While media companies and advertisers have been stepping up their efforts to reach Hispanic audiences, a new survey from Horowitz Research offers a mixed review of how well they are doing in terms Latinx diversity and inclusion.
When it comes to advertising, six in 10 Latinx respondents in the survey say it appeals to them when ads use people who are bilingual in them, and 57% want to see ads centered around Latinx people and culture. However, fewer than half (46%) of Latinx consumers are seeing more ads featuring diverse people, lifestyles, and cultures now than a year ago, the Horowitz report found.
On the content side, four in ten Latinx respondents say they are seeing more Latinx actors as lead characters in scripted TV shows, while over one-third feel they are seeing the same amount or less.
In fact, Latinx respondents are more likely to feel there are now more Black actors as lead characters in scripted shows than more Latinx actors. Similarly, four in ten Latinx consumers feel they are seeing more positive portrayals of Latinx characters and communities; almost half feel they are seeing the same amount or fewer positive portrayals; and only 44% feel that they are seeing more brands going out of their way to market and advertise to Latinx audiences.
“Brands looking to truly resonate with and grow their business among Latinx consumers have to look beyond Hispanic Heritage Month to create meaningful connections,” notes Adriana Waterston, chief revenue officer and insights & strategy lead for Horowitz Research. “This includes not only improving diversity and inclusion in their advertising and storytelling, but also using their political and economic clout to lobby for policies that have a real impact on Latinx rights, freedom, and economic empowerment—including Latinas’ and all women’s bodily autonomy.”
The data from the Horowitz study also underscores that it’s not just inclusivity on screen or in ads that matter, researchers said.
The researchers stressed that in the current environment, Latinx – like many consumers – have a heightened awareness of the socio-political stances of the companies they choose to do business with, and look to align themselves with brands that stand for causes they believe in.
For example, almost 7 in 10 Latinx consumers say it is important for them to support women’s rights, and two in three say it is important to be environmentally conscious.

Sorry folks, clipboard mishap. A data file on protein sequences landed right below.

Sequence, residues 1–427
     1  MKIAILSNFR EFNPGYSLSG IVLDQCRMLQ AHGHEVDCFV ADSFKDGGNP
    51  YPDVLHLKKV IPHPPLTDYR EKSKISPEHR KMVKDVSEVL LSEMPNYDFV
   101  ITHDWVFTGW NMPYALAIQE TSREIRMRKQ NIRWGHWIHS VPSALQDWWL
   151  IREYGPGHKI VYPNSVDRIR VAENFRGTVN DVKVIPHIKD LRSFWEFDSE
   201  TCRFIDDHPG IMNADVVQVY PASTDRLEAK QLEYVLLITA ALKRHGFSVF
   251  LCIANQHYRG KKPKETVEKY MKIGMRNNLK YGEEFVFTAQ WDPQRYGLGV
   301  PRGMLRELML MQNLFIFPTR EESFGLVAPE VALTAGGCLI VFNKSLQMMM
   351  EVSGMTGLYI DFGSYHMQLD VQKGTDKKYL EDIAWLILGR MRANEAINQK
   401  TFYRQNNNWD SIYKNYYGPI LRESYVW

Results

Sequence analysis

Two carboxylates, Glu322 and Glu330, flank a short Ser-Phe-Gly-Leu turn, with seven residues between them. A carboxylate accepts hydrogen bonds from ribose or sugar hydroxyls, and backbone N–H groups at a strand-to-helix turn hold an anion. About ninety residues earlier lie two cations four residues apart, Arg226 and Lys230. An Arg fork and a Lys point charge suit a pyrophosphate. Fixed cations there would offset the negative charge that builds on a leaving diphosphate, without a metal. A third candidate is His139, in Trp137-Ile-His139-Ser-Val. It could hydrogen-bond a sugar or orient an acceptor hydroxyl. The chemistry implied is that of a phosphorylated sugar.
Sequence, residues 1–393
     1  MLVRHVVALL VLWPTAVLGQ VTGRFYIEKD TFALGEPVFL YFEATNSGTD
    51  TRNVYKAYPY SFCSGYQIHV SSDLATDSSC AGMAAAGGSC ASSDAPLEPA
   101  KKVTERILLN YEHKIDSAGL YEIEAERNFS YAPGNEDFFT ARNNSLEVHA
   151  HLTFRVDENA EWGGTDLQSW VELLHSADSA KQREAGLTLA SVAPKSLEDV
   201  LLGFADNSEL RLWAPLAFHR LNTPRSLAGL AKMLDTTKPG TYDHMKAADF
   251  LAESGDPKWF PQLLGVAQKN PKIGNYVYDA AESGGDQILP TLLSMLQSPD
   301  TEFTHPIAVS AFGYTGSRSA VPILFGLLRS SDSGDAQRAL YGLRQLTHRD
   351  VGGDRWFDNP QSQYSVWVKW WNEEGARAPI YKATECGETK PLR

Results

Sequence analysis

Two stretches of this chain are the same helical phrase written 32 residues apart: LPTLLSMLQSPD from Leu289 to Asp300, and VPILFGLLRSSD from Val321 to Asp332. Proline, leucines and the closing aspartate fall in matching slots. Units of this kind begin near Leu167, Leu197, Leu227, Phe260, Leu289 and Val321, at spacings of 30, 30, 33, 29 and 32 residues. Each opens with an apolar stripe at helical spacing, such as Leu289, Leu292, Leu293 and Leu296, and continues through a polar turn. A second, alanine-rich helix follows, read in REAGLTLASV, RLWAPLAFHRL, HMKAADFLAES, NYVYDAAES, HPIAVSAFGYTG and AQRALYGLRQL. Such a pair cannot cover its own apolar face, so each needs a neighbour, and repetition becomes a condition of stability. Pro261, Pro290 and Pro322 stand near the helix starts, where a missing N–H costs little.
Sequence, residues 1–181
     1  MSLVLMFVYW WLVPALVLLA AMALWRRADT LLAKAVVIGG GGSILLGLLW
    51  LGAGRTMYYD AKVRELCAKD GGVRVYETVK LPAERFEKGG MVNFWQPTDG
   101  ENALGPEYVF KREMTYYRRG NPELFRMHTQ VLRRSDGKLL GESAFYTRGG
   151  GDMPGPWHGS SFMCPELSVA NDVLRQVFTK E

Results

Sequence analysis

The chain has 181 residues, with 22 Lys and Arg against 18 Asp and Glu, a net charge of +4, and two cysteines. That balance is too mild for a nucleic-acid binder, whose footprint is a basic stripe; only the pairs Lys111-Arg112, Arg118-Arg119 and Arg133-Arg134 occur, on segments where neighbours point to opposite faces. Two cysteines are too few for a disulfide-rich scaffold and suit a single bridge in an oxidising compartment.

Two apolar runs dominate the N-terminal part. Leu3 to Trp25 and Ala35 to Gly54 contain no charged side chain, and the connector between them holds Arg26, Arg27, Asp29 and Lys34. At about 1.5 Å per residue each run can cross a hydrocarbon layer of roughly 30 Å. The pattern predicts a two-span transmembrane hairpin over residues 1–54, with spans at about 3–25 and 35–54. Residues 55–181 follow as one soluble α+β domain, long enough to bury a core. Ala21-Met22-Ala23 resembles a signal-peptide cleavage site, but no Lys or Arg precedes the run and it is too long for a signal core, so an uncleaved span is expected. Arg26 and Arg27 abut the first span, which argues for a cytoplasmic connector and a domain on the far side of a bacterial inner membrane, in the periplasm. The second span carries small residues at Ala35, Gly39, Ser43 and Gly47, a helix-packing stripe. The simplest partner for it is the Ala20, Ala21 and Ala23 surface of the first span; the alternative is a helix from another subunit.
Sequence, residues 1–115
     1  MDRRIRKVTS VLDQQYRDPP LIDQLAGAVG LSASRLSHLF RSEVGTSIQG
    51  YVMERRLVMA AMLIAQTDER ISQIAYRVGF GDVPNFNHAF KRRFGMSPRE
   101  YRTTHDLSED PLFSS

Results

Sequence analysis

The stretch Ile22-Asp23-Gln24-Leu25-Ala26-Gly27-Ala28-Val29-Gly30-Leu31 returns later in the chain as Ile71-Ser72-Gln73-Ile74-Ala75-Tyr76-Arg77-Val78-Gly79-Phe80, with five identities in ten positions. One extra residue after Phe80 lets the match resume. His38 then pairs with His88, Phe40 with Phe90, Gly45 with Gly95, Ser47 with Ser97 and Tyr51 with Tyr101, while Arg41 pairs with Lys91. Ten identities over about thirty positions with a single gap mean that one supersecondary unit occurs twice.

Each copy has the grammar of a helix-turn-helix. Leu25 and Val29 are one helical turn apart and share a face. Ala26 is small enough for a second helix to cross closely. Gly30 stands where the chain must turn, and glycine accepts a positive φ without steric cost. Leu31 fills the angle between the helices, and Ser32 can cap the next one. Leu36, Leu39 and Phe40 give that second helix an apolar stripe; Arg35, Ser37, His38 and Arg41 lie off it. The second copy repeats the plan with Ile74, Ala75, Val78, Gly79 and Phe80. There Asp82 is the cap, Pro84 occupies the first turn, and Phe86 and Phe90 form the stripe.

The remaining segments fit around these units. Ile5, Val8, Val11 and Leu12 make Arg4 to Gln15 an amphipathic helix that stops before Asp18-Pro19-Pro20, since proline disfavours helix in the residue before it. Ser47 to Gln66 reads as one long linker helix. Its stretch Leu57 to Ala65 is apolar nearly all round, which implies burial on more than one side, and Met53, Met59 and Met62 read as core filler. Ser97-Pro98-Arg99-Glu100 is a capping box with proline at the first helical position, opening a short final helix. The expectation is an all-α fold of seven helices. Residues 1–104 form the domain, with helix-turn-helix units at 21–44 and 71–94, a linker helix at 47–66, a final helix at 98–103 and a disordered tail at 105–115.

The study finds that over half of Latinx consumers have taken an action as a result of learning about a specific company’s actions or stances on political, social, and/or environmental issues – either by stopping doing business with the company, signing a petition against the company, or calling out the company in conversations with friends and/or family.
Notably, six in ten (59%) of Latinx consumers say that it would have a positive impact on their likelihood to buy from a company that supports a woman’s right to choose, compared to only 10% for whom this would negatively impact their likelihood. Similarly, 55% of Latinx would be more likely to buy from a company that publicly supports a path to citizenship for undocumented immigrants, while only 11% say it would have a negative impact.
The data comes from the new “FOCUS Latinx: State of Consumer Engagement 2022” report which provides an analysis of adults 18+.
The survey was conducted in July 2022 in English among 1,800 adults. Data have been weighted to ensure results are representative of the overall TV universe. The report is available in total market, FOCUS Latinx, FOCUS Black, and FOCUS Asian editions.
More information is available here.
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George Winslow is the senior content producer for TV Tech. He has written about the television, media and technology industries for nearly 30 years for such publications as Broadcasting & Cable, Multichannel News and TV Tech. Over the years, he has edited a number of magazines, including Multichannel News International and World Screen, and moderated panels at such major industry events as NAB and MIP TV. He has published two books and dozens of encyclopedia articles on such subjects as the media, New York City history and economics.